Rent Shop Volunteer Join

Q. Who is Mr. Smarty Plants?

A: There are those who suspect Wildflower Center volunteers are the culpable and capable culprits. Yet, others think staff members play some, albeit small, role. You can torture us with your plant questions, but we will never reveal the Green Guru's secret identity.

Help us grow by giving to the Plant Database Fund or by becoming a member

Did you know you can access the Native Plant Information Network with your web-enabled smartphone?

Share

Ask Mr. Smarty Plants

Ask Mr. Smarty Plants is a free service provided by the staff and volunteers at the Lady Bird Johnson Wildflower Center.

Search Smarty Plants
See a list of all Smarty Plants questions

Please forgive us, but Mr. Smarty Plants has been overwhelmed by a flood of mail and must take a break for awhile to catch up. We hope to be accepting new questions again soon. Thank you!

Need help with plant identification, visit the plant identification page.

 
rate this answer
Not Yet Rated

Tuesday - November 01, 2011

From: Austin, TX
Region: Southwest
Topic: Butterfly Gardens, Poisonous Plants
Title: How toxic are milkweed (Asclepias spp.)?
Answered by: Nan Hampton

QUESTION:

We are considering a monarch waystation for our local elementary and are concerned about milkweed toxicity. Would it be safe to plant it in reach of children?

ANSWER:

The Poisonous Plants of North Carolina database says that all parts of Asclepias species are poisonous, but are "Toxic only if large quantities are eaten."  The Toxic Plant Database of Purdue University Veterinary School agrees with this assessment.  Moreover, the plants are generally unpalatable.  Grazing animals don't readily eat them unless they are confined in a pasture with large numbers of plants or the plants have been included in hay given to them.  The compounds that are toxic in the milkweeds are cardiac glycosides.  The monarch larvae eating the plants sequester these toxins in their exoskeletons where they remain even after they metamorphose into butterflies.  Not only do they make the butterflies taste bad, but the glycosides have an emetic effect that causes a predator, such as a bird, to vomit.  Predators apparently remember and associate the butterflies with the unpleasant taste and learn to avoid eating the monarch.

According to the Botanical Dermatology Database, several species of the family [e.g.,  Asclepias viridis (Green antelopehorn)] can cause dermatitis from the milky sap so you should probably protect the plants to keep them from being broken and exuding the sap.

Since milkweeds are unpalatable and they don't contain attractive fruits that might tempt the children to eat them, I don't think that you should be overly concerned about including them in your butterfly garden.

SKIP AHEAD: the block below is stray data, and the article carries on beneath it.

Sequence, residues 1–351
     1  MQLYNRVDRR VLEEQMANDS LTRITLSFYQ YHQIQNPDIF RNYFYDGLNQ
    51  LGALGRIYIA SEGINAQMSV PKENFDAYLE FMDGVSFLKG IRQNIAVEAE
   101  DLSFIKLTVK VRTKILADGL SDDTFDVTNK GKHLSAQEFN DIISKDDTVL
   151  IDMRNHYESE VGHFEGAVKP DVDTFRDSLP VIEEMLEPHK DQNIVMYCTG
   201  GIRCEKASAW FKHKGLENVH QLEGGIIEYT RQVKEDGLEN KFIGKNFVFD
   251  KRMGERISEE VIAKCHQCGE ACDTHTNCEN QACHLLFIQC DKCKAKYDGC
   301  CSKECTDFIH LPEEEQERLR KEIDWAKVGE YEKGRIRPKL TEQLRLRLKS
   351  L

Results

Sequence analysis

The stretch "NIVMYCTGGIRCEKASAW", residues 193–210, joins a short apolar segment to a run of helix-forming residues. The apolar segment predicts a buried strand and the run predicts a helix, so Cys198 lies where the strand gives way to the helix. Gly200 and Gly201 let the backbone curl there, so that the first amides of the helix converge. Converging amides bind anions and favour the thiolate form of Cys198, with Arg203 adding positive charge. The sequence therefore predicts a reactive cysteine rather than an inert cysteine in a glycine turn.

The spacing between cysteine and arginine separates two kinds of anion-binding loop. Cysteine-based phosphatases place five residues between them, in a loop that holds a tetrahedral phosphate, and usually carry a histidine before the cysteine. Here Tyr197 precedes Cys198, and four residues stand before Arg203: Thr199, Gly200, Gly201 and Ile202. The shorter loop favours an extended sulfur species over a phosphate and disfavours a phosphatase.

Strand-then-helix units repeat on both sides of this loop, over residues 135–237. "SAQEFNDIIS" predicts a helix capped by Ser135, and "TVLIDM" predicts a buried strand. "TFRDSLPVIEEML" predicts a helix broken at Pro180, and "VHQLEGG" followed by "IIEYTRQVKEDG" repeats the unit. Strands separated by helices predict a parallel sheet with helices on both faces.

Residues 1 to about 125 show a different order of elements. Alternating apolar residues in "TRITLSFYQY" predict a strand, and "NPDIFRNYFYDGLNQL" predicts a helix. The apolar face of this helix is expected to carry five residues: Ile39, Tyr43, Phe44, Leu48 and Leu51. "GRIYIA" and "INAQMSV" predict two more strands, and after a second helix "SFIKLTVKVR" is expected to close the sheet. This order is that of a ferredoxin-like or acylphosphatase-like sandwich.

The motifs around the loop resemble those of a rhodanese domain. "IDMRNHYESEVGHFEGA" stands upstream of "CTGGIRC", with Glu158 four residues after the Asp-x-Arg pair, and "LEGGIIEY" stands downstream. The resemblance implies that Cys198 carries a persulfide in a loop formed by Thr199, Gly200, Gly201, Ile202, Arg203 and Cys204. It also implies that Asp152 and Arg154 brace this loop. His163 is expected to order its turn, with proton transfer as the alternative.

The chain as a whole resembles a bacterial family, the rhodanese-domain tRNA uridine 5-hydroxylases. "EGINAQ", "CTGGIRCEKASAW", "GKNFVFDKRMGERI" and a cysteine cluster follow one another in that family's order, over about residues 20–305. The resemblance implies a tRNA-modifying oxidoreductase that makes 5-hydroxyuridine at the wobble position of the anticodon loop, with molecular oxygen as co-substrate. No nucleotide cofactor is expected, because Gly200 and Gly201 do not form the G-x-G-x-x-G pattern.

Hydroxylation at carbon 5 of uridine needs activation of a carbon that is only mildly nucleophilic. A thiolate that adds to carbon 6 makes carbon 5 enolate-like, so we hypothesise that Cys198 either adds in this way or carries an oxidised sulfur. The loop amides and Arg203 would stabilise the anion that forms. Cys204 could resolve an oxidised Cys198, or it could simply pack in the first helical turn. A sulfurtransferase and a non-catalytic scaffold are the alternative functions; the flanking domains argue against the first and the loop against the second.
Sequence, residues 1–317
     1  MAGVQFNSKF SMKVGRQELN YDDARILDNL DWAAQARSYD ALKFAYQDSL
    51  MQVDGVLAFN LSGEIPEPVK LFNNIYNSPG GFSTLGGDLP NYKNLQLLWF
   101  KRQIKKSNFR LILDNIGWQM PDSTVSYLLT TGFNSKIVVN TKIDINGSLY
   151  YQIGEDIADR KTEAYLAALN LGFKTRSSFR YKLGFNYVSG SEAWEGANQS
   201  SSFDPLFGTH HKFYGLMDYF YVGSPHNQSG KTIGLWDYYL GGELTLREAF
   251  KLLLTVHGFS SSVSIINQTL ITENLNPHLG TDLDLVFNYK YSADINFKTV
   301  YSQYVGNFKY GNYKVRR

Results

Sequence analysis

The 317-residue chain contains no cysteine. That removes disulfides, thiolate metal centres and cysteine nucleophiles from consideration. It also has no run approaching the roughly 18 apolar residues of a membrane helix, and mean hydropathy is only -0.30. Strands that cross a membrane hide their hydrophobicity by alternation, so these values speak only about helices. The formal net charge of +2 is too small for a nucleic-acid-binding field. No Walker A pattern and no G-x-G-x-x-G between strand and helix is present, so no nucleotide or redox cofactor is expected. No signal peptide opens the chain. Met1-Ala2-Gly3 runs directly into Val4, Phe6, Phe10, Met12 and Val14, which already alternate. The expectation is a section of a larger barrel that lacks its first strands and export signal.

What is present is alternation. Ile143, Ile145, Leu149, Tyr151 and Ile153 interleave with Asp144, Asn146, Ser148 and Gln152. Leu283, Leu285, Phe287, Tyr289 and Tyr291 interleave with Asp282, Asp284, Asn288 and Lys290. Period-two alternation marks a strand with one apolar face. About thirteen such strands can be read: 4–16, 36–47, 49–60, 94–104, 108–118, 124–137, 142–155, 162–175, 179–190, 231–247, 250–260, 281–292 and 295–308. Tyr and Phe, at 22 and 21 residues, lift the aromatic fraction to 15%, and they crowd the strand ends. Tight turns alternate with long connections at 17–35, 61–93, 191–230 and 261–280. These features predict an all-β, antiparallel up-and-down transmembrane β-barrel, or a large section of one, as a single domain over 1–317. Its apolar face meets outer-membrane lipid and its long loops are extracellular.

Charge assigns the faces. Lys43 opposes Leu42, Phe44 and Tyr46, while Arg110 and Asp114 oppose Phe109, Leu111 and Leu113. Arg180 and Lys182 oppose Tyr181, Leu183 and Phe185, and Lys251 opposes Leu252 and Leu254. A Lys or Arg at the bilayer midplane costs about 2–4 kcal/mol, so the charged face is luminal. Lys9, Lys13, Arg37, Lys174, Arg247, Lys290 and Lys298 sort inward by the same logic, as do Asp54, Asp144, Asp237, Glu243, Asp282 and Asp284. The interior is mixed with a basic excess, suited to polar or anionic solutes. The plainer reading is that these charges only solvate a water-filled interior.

More Butterfly Gardens Questions

Where to find milkweeds and other butterfly favorites
March 07, 2016 - Our neighborhood in San Antonio is planning a big Arbor Day celebration. One of the events will focus on Monarch Butterflies. We will be releasing some live ones in our park and will have a booth th...
view the full question and answer

Creating a garden based on fragrance
May 04, 2012 - I would like to know which Fragrant Flowers are easy to grow and hearty for the climate i live in. Eastern part of washington state. Desert like in summer, warm summers.
view the full question and answer

Flowers that attract Queen butterflies
August 17, 2014 - Walking into the cloud of Queen butterflies around my Gregg's Mistflowers is one of the coolest things I've ever experienced, so I started wondering how I could prolong this "visitation". Can you...
view the full question and answer

Shrubby options for a bird lover in New Jersey
September 07, 2011 - Could you please recommend a native shrub to NJ that grows to about 3-4 feet, is very low maintenance, does well in afternoon sun and is also something the birds will like? Thank you.
view the full question and answer

Want to Amend Soil Without Harming Earthworms in Dallas Area
March 16, 2011 - I have a totally odd question. I live in the Dallas area in the blackland soil. I am removing sod from part of my back yard and will replant with nectar and host plants for butterflies. The soil is...
view the full question and answer

Support the Wildflower Center by Donating Online or Becoming a Member today.